The new law is almost identical with laws in other states, including Kentucky that protect people's First Amendment religious freedoms against violation by people, such as the ACLU, who while they are absolutists on the free speech part of the First Amendment are dubious about the freedom of religious exercise part.
It is ironic that the ACLU, which now is in favor of the First Amendment only so long as it doesn't get in the way of gay rights groups forcibly imposing their beliefs on other people, actually supported the same legislation when it passed the U. S. Congress in 1993 (called "RFRA").
Congress passed its 1993 RFRA to reimpose the higher standard, although the Court came back and said that it only applied to federal government cases. Since then, 19 other states have reimposed the higher standard in their own states.
Does it seems strange to anyone that the very people who are always talking about the high wall between church and state don't seem to have any problems with the state breaching that wall in order to harass religious people?
In one of the funniest moments in the debate over the same bill here in Kentucky two years ago, the ACLU, after having just argued in favor of the right of Amish buggy riders to use some other safety sign than the orange triangle on the basis of this strict scrutiny standard, they turned right around and argued against the Kentucky Religious Freedom Act that proposed to bring back that standard!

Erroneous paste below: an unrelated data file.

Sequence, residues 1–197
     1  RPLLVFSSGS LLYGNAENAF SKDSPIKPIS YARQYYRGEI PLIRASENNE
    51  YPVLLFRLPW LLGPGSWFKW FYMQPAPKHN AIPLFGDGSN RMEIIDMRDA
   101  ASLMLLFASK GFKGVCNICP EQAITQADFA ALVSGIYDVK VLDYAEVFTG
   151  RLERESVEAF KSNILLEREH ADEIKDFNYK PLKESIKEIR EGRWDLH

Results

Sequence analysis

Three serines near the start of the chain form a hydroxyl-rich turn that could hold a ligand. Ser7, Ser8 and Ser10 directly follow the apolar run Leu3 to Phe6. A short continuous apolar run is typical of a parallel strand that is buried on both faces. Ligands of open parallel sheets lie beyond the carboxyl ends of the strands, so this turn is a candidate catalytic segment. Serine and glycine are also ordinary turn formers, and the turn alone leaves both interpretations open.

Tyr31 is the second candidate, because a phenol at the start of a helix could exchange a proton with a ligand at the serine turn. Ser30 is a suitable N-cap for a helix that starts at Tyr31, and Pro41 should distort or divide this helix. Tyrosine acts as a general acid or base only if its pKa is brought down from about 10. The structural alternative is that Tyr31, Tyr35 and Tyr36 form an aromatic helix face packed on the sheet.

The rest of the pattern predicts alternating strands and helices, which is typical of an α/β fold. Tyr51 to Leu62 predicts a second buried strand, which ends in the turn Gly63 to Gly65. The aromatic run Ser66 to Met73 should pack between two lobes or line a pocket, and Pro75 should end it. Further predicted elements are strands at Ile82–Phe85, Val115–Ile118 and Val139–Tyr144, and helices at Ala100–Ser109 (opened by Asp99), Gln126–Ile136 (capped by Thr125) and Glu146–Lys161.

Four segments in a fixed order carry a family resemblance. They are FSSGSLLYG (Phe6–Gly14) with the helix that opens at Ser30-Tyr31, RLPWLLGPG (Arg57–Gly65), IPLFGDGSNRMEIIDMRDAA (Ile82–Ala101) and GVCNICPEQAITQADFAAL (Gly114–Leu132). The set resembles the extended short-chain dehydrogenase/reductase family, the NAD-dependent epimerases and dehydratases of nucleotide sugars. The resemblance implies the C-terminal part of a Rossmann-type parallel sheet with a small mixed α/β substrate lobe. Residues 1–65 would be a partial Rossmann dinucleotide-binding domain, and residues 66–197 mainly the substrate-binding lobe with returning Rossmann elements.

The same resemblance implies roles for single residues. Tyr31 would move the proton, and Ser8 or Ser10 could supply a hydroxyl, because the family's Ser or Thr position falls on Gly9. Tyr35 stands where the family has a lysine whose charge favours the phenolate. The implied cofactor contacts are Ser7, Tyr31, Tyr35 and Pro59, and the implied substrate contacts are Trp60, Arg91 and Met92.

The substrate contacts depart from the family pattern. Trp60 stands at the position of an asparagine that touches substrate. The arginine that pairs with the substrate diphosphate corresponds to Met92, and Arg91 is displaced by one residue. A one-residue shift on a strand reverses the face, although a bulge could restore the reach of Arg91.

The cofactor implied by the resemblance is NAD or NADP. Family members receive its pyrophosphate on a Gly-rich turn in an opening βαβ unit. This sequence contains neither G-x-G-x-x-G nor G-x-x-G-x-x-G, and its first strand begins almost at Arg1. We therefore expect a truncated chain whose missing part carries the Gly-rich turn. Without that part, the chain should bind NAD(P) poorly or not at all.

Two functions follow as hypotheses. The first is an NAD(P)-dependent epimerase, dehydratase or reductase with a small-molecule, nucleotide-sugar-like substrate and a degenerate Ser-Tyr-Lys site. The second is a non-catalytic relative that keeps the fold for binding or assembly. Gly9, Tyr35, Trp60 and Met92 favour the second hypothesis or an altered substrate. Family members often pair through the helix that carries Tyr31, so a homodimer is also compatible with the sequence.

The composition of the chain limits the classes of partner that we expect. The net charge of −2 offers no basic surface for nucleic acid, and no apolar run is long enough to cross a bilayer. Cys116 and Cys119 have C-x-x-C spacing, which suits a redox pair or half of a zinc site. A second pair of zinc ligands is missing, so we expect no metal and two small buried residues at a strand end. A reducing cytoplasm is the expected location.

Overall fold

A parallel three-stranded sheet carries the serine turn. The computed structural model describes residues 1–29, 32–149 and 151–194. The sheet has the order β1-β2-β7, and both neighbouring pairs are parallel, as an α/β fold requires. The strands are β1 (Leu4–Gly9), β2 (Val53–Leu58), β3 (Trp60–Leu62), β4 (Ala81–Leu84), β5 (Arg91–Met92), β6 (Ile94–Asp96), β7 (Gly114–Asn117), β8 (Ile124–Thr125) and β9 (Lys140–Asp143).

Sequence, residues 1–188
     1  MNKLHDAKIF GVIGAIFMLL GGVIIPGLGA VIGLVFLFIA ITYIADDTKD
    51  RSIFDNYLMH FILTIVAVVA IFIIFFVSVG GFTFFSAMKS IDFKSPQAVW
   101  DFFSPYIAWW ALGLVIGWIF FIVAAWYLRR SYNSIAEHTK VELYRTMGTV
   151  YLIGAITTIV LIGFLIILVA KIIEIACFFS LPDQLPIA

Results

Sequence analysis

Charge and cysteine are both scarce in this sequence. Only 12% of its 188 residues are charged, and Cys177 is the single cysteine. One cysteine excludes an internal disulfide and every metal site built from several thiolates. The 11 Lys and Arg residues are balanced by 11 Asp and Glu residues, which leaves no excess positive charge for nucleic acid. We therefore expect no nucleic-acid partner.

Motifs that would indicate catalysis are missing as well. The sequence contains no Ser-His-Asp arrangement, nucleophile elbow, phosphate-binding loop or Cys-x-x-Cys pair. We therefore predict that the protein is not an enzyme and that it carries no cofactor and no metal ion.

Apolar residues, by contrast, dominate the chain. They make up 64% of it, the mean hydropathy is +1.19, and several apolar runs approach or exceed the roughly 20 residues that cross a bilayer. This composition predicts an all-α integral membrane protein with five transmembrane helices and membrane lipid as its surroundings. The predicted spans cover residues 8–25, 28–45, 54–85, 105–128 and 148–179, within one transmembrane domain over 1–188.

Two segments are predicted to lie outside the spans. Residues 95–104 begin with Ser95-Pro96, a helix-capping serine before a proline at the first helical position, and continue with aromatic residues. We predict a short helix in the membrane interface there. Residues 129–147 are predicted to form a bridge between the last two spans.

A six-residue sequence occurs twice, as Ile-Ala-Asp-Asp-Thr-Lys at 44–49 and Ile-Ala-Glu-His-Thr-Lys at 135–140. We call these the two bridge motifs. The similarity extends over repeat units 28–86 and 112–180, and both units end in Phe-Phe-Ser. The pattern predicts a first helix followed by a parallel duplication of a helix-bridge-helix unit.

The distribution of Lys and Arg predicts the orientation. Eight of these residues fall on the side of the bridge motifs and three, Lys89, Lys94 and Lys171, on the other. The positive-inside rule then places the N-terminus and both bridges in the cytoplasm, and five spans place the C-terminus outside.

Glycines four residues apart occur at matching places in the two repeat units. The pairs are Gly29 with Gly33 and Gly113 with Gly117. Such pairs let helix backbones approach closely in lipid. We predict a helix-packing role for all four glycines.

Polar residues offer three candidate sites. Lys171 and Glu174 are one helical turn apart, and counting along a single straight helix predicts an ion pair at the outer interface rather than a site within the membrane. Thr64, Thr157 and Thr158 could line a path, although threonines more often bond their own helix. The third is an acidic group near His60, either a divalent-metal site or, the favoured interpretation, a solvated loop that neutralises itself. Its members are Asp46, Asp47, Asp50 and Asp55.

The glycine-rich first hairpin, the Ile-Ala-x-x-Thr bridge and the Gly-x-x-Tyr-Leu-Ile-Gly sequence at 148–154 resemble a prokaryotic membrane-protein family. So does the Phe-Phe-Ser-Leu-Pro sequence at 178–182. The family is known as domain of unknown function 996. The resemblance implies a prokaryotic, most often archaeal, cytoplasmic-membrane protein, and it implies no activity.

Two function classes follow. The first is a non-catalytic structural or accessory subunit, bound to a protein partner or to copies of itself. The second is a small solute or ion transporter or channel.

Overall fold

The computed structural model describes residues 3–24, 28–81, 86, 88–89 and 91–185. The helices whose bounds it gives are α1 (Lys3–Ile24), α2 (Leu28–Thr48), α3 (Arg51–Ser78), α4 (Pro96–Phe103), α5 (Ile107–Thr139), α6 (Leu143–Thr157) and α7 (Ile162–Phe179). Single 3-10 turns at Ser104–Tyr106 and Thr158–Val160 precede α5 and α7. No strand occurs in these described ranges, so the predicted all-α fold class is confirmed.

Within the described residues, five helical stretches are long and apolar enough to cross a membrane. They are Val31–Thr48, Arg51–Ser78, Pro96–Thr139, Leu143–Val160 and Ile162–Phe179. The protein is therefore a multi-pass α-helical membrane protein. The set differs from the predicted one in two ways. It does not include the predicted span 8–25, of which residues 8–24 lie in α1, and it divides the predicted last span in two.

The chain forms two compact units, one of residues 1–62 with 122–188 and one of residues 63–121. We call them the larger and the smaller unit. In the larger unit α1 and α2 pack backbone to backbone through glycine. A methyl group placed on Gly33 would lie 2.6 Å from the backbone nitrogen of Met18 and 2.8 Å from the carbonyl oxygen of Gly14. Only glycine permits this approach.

But what was so instructive is what the ACLU and groups such as the Fairness Alliance said would happen if the bill passed: Landlords would turn away gay couples, women would lose the right to birth control, gay rights ordinances would be invalidated, and abusive priests would be able to elude legal investigation.
In one legislative hearing, the ACLU's Derek Selznick claimed that the law would allow churchgoers to challenge parking tickets given during church services. (Never mind the fact that parking is not even monitored on Sundays).
So let's get one thing clear: None of these things has happened. Not a single, solitary one. They were wrong.
These things never happened when the courts used this test before 1990, they never happened after it was reimposed at the federal level in 1993, and they haven't happened in any of the states that have passed such laws.
But instead of fessing up to their blatant distortion of such religious freedom laws, these groups have simply amped up their dishonest rhetoric, charging Pence with signing a law that will allow businesses to refuse service to gays.
What they mean of course, is that the law might not allow gay organizations to force religious business owners to force their social agenda down the throats of other peopel as they are now trying to do with a T-shirt business in Lexington, KY, where they are trying to force a Christian business owner to print T-shirts for a gay pride parade.
Well, here's for the hope that the law does apply to theses cases. Just last year, the Supreme Court recognized that Hobby Lobby did not have to comply with Obamacare's contraceptive mandate. Whether state courts will apply Religious Freedom Acts in the same way is not certain, but let's hope they do.
Religious business owners don't deserve to be bullied by people who seem to want to force everyone else to agree with them.
As soon as Pence signed the law, numerous groups began publicly hating on Indiana—and on religious freedom, threatening to boycott the state for passing the law. Pence should tell them all to take their hatred and their lies somewhere else and let Indiana alone.